That Echo Is the Last Hoof


The outraged bellow of a lone cow is the first clue, followed by the faint cries of cowboys.

Half a dozen men and women pop up on horseback over a far ridge. Moving daintily on their high-stepping horses, they gather the cattle into one molten brown mass flowing up over the ridge and down.

The setting isn’t Wyoming or Montana. It’s the last cattle roundup on Orange County’s storied Irvine Ranch. It is a deliberately unremarked-upon event by the Irvine Co., the land’s developer--no press releases, no television news cameras, not even many cattle left after so many years.


There have been cattle here for almost 200 years, since Spanish monks claimed a knobby ridge sticking up between the Santa Ana Mountains and the Pacific Ocean and christened it Lomas de Santiago.

Until this year, the old ways have lingered along Loma Ridge off Santiago Canyon Road, out beyond the miles of shopping malls and tract homes.

Each November, the best beef cattle money can buy have been shipped from Idaho to winter here at the back edge of the county, on some 20,000 to 30,000 acres of rain-fed grass and sagebrush-clad hills. Now, they’re being moved out--for good.

Irvine Co. owner Donald Bren is proceeding with final build-out plans for the ranch and getting out of the cattle business. His livestock will be auctioned, fattened for a year and end up on American picnic tables by next Fourth of July.

The cattle aren’t the only ones going.

“They don’t need us anymore,” said Mike Bias, 44, a cowboy who has grazed as many as 950 pairs of cattle on the ranch. Like many a superstitious cowboy who has seen too many young animals die, Bias doesn’t count the calves individually until they are sold. They are “paired” with their mothers until then.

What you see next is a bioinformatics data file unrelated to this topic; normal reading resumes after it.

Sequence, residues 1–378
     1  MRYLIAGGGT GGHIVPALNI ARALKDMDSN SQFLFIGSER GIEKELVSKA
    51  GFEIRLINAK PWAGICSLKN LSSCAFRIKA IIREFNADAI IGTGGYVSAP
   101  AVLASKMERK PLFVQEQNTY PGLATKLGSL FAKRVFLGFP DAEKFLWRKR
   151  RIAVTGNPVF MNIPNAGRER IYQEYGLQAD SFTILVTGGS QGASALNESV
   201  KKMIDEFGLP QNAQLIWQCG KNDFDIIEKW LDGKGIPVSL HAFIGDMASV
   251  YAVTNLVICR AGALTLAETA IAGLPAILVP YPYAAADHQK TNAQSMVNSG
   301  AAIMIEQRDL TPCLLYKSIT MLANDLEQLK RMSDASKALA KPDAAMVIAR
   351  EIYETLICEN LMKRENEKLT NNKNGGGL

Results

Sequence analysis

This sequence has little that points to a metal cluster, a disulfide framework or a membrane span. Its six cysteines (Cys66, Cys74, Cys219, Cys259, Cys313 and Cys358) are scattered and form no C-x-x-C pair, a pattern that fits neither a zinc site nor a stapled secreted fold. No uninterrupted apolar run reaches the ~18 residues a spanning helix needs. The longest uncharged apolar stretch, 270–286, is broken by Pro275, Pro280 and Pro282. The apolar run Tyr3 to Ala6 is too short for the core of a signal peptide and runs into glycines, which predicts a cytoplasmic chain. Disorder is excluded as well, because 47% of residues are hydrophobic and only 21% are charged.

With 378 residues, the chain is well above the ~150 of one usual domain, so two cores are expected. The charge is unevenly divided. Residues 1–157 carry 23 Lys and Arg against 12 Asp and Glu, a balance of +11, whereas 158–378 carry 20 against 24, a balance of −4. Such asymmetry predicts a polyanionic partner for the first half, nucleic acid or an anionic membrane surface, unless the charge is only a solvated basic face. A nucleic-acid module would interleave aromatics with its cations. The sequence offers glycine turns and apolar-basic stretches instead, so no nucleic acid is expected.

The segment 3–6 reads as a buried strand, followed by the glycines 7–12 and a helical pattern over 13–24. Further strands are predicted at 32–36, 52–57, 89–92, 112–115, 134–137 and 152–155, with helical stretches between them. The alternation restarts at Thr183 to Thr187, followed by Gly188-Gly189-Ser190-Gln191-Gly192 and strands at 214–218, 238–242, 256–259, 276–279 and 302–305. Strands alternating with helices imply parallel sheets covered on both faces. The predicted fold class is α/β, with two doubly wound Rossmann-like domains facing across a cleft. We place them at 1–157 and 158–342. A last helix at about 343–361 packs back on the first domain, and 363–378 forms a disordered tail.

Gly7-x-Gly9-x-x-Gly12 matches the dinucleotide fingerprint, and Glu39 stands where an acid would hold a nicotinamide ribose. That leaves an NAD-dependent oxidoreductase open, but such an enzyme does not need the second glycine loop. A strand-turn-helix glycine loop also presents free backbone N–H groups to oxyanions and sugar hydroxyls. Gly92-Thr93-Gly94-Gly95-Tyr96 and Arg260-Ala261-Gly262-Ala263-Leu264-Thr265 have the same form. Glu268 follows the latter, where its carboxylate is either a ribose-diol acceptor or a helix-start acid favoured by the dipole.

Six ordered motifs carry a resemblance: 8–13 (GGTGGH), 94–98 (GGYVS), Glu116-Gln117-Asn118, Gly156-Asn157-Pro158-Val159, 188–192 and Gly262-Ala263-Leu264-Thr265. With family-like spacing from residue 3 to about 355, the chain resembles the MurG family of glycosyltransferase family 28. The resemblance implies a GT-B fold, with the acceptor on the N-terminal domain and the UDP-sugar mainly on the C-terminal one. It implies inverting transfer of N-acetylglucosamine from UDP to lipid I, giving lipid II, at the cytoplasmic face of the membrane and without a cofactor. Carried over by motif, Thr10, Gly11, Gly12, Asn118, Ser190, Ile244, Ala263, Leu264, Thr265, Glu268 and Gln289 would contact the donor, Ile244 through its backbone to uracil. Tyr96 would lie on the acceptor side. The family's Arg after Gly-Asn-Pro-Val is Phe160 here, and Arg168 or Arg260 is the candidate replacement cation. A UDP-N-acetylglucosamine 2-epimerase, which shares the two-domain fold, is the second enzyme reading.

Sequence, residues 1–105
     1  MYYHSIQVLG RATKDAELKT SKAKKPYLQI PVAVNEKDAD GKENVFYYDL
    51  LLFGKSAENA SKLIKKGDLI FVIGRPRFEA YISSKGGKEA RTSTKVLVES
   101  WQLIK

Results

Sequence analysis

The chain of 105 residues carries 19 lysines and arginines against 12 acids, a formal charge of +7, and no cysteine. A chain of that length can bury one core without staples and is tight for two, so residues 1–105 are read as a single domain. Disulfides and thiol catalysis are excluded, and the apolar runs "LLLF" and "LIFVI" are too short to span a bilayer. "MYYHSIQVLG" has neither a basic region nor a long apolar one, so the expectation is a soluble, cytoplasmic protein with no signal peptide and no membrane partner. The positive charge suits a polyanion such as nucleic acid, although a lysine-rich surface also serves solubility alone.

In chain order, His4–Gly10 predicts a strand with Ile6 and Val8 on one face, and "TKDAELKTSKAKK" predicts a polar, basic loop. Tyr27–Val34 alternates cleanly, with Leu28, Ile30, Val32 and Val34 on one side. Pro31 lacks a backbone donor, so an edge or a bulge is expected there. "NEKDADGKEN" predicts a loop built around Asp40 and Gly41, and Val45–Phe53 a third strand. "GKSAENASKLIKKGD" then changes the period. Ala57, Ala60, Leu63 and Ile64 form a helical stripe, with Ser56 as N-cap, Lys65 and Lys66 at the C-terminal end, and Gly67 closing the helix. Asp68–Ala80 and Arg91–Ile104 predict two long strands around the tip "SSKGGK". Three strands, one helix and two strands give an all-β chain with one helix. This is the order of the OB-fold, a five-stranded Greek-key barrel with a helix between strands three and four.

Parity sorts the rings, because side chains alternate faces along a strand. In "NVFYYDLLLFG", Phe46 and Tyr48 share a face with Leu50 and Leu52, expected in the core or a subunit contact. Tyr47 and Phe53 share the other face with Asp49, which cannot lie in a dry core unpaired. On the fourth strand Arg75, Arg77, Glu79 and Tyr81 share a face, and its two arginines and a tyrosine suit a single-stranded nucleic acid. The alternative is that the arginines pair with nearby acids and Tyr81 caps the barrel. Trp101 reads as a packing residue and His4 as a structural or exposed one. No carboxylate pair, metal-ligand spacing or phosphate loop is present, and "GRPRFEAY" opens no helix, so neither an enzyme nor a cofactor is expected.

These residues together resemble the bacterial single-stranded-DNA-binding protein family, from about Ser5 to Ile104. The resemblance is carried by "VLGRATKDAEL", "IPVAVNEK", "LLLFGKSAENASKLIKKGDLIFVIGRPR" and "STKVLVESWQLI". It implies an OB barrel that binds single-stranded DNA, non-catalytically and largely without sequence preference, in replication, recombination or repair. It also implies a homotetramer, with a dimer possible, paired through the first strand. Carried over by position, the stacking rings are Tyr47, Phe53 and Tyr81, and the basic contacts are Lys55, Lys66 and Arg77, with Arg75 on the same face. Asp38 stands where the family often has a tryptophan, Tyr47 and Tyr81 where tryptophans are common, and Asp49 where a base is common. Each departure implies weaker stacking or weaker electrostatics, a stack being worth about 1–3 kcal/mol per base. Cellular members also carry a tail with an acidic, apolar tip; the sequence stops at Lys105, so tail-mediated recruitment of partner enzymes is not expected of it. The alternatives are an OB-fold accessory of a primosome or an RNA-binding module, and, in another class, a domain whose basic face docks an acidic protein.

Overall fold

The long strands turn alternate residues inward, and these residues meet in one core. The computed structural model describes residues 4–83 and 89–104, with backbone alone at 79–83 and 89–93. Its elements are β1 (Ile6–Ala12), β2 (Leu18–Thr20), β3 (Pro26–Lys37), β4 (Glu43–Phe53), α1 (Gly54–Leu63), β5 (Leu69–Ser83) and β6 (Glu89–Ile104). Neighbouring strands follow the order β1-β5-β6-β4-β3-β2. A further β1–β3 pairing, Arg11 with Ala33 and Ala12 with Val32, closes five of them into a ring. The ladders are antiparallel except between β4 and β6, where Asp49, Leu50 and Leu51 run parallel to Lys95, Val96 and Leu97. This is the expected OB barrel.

When Bias started working on the ranch in 1993, the herd was mostly on the bluffs above Pacific Coast Highway. Development has gradually pushed ranching operations inland.


Each fall, when Bias and his family return from Idaho, where they care for Bren’s cattle through the summer months, they try to figure out what else is gone.

“We came back one year, and to see what they’d done to Mare Pasture, it made you sick to your stomach,” said his wife, Shawn Bias, 37. “It’s where they put in that golf course, what do they call it now? Shady Canyon.”

Here along Orange County’s back edge, a world apart has remained, at right angles to the busy suburban streets and highways. The old dirt two-laners follow the land’s curves, and their names reflect a genuine past.

“When you shut that gate behind you, the whole world goes away,” said Mike Bias, looking at the turnoff to his family’s lane from Santiago Canyon Road.

Now, it is their turn to leave.